King Coal is dying, and this month will see a new milestone in the decline of what was the largest source of electricity generation for the 20th century and even the first fifteen years of the 21st.
According to an analysis of the U.S. Department of Energy’s Energy Information Administration (EIA) by the Institute for Energy Economics and Financial Analysis (IEEFA), renewable energy sources including hydroelectricity are set to generate more electricity than coal, for the first time ever.
The analysis shows that renewables generate 2.32 and 2.27 terawatt-hours (TWh) in April and May, ahead of the 2.00 and 2.24 TWh anticipated to be generated by coal.
Short-term and long-term trends
There are two trends here that cause this crossover, and they operate on different timescales. First, as shown in the above chart, renewable energy generation always increases in spring, due to a rise in hydroelectric power as rivers swell, including from snowmelt. As such, IEEFA notes that spring is when many coal plants will shut down for maintenance, as power prices are lowest and they are least likely to be needed.
However, the longer-term trend is that coal is decreasing as a share of the U.S. electricity mix, and its fall has been particularly precipitous over the last five years. According to EIA coal still made up 39% of U.S. electricity generation as recently as 2014, but only 27% in 2018.
The main driver of this has been abundant, cheap natural gas due to the rise of hydraulic fracturing (“fracking”), and more electricity has been generated from gas-fired power plants than coal on an annual basis every year since 2015. However, wind and solar are also growing rapidly and allowing renewables to take up an increasing share of electricity generation. Wind and solar together made up 9% of U.S. electricity generation in 2018, up from only 1.6% in 2008.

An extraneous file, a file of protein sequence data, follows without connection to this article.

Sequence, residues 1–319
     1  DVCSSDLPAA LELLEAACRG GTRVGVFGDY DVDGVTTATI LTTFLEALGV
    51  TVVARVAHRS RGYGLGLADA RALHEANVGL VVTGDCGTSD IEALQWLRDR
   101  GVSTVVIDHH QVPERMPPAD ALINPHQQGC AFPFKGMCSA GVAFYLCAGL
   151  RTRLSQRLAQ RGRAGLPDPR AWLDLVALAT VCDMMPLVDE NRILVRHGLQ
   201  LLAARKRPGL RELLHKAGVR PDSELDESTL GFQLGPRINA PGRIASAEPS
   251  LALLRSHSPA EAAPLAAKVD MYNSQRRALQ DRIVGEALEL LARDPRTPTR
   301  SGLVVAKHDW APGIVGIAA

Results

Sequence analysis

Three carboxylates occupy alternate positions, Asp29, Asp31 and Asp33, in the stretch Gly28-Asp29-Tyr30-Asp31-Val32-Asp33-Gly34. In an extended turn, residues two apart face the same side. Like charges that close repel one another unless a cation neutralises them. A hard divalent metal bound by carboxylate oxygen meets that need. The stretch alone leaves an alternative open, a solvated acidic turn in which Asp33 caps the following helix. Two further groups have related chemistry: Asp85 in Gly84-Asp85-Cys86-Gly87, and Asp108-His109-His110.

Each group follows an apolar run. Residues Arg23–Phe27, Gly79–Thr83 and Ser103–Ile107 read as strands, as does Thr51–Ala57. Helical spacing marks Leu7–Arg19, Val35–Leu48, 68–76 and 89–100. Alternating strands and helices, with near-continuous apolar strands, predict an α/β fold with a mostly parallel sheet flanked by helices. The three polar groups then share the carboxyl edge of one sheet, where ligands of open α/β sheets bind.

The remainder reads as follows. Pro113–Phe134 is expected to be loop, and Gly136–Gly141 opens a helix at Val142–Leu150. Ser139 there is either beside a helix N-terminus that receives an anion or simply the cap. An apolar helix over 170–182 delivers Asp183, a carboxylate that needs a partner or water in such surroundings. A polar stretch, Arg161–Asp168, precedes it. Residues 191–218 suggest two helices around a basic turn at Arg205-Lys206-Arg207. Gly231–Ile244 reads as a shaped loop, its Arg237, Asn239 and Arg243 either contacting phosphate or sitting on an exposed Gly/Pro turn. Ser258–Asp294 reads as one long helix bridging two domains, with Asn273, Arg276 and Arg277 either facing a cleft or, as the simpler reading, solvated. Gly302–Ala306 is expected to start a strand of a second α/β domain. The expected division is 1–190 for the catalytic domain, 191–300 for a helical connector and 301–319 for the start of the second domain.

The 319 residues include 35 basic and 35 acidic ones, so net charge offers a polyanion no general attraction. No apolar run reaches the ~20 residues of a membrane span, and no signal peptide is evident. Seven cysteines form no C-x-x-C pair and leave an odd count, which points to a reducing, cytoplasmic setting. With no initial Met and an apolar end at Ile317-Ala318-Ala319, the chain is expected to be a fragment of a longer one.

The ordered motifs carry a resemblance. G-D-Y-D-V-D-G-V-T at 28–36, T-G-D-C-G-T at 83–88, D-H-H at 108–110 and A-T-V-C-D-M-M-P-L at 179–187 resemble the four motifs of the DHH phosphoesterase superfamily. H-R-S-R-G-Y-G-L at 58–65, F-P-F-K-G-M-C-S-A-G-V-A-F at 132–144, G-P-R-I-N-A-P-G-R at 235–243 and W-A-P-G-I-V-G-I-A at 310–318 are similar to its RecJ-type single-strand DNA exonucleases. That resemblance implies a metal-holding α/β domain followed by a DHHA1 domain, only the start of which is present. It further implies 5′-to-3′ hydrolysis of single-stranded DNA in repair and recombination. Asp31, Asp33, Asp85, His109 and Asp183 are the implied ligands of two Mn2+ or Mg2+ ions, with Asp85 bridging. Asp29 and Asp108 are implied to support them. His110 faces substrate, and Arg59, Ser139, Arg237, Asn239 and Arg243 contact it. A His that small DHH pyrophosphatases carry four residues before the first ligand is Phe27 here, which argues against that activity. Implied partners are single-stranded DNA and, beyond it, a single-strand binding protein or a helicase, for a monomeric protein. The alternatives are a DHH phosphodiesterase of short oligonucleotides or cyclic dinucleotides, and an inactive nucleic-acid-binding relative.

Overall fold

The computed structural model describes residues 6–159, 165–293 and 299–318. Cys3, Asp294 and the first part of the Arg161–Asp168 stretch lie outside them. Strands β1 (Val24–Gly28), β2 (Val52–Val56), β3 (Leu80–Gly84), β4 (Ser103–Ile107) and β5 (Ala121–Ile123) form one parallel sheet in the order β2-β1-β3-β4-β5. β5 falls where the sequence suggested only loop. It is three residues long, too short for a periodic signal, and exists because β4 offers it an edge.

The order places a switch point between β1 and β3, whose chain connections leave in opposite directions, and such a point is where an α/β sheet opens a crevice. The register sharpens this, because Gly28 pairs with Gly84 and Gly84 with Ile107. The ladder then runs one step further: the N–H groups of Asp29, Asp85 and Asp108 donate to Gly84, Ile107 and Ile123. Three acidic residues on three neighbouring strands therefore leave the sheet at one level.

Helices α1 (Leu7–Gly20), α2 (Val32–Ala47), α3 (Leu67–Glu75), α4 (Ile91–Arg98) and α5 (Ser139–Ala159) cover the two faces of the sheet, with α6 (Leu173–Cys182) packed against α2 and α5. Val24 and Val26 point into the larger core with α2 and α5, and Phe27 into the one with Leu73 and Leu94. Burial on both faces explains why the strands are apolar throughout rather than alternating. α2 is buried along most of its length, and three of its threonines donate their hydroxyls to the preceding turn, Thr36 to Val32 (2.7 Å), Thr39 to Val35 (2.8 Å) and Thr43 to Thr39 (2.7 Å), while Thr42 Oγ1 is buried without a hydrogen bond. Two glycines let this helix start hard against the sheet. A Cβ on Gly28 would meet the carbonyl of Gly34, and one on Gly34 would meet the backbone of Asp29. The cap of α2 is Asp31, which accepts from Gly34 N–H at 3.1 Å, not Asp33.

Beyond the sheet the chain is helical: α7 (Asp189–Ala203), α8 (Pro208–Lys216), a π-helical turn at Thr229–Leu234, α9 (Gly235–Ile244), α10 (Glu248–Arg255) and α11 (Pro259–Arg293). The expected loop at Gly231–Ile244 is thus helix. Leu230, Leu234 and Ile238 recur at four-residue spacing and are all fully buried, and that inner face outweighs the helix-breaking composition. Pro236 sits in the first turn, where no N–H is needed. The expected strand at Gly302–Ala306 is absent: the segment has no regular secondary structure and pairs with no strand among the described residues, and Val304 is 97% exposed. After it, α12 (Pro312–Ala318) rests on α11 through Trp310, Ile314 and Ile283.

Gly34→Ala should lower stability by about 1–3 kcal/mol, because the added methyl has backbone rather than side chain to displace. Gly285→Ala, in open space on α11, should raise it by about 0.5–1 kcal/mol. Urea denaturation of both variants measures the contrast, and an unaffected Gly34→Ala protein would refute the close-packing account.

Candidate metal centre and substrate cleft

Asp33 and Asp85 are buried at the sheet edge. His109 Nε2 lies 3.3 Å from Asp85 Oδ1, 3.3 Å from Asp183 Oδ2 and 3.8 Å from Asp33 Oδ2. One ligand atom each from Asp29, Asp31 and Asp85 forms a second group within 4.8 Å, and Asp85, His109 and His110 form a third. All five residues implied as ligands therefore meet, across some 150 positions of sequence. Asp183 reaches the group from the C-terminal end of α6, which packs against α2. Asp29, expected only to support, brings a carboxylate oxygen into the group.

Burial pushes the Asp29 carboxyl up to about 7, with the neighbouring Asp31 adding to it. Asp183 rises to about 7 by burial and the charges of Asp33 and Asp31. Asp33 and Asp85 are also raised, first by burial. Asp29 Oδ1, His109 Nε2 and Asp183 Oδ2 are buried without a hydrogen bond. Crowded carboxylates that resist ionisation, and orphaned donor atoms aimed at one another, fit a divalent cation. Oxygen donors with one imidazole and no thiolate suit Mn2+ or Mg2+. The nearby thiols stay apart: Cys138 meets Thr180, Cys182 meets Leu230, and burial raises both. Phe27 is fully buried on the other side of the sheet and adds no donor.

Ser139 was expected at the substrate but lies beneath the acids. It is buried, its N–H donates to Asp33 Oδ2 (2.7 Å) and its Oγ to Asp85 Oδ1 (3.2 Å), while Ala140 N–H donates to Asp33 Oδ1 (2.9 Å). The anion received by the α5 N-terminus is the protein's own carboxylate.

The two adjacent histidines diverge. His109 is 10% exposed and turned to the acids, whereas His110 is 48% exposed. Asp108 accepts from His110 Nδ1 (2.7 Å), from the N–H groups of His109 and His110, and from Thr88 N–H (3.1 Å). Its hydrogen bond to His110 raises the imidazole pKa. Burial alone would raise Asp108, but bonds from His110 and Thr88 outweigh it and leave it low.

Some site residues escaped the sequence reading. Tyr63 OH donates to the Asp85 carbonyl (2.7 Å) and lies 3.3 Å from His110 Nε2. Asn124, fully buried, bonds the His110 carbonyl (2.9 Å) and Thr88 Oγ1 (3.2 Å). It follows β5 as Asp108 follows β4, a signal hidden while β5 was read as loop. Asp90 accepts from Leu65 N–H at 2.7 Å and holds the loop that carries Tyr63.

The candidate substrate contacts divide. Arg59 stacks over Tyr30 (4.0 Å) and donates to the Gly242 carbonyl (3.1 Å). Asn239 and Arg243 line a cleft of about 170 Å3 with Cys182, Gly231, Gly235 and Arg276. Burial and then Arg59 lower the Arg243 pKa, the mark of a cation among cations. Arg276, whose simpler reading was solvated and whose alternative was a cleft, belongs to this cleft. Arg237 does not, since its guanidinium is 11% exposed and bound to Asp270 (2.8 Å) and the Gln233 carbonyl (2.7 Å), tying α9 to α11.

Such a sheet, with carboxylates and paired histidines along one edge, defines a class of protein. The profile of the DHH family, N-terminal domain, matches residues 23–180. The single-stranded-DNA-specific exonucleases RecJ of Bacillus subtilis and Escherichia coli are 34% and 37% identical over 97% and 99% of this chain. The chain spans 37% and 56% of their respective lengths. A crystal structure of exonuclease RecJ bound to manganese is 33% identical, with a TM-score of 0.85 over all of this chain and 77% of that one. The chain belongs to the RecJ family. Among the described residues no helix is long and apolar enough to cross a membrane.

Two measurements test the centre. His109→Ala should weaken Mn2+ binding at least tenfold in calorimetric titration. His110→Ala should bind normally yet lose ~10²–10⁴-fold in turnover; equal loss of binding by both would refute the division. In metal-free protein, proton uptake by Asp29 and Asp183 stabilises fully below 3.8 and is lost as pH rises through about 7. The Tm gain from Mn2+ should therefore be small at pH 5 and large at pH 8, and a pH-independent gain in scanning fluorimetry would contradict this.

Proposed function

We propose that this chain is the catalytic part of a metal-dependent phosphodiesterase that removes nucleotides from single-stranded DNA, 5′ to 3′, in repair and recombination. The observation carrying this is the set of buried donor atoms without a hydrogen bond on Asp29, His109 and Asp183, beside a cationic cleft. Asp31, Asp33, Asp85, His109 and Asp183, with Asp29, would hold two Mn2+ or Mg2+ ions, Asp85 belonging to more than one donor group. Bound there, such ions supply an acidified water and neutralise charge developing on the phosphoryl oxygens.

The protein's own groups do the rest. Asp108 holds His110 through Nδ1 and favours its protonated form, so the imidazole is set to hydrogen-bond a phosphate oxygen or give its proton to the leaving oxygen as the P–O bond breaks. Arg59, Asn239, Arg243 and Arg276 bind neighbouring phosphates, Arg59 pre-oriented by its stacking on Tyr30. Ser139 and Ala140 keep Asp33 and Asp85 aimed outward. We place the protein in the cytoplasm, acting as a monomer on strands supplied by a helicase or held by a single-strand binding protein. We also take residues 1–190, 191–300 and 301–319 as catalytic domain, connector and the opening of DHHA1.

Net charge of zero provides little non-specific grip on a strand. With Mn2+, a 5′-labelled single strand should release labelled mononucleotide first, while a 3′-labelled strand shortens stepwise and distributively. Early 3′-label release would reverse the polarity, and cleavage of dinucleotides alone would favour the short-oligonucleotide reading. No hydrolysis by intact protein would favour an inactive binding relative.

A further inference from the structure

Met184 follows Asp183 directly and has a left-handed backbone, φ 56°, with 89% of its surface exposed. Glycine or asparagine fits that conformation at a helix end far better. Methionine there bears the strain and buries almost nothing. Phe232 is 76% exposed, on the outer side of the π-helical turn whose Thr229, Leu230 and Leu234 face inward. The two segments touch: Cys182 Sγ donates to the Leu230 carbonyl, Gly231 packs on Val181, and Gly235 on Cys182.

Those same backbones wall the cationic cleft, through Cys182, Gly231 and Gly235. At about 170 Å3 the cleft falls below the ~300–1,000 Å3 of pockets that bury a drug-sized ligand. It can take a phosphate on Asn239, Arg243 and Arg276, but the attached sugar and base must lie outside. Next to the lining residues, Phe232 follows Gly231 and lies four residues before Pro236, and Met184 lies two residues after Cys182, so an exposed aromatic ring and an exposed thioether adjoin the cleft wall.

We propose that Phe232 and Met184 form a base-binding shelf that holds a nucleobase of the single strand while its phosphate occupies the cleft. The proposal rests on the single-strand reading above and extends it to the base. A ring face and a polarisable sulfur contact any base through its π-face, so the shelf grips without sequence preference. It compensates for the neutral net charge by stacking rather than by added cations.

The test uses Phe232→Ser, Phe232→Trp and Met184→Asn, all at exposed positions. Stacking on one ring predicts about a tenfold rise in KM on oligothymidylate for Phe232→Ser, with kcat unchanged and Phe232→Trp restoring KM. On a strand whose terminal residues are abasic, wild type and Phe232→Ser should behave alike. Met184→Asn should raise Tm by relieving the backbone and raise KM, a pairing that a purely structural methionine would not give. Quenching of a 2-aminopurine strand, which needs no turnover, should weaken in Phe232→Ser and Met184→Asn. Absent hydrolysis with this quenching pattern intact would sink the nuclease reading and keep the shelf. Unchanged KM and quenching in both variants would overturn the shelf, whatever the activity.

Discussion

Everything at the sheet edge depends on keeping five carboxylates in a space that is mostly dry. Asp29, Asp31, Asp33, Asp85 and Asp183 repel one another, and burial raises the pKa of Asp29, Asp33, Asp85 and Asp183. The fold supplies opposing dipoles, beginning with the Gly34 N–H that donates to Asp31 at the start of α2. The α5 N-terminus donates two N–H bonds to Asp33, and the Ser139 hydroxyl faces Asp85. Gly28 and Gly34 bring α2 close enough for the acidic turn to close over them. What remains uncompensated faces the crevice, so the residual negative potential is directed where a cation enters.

With no new coal plants being built and gas, wind and solar dominating new electricity generation, there is no end in sight for the decline of coal. in fact the question has not become whether or not these sources will replace coal, but rather how much gas-fired capacity will be built before gas is eclipsed by renewables, as is happening in California.
On the national scale, the aging coal fleet continues to retire. Not only does EIA predict that 7 gigawatts of coal additional coal plants will go offline by the end of 2020, but an analysis by Energy Innovation has shown that in 74% of cases it is cheaper to build new wind and solar than to keep running existing coal plants, and that this number will increase to 86% by 2025.
It will still take a few years for renewables to entire eclipse coal in the U.S. fleet, and in June it is expected that total coal-fired generation is going to surpass renewables again.
Until spring 2020. And some time in the next decade, you can expect these lines to cross over entirely.
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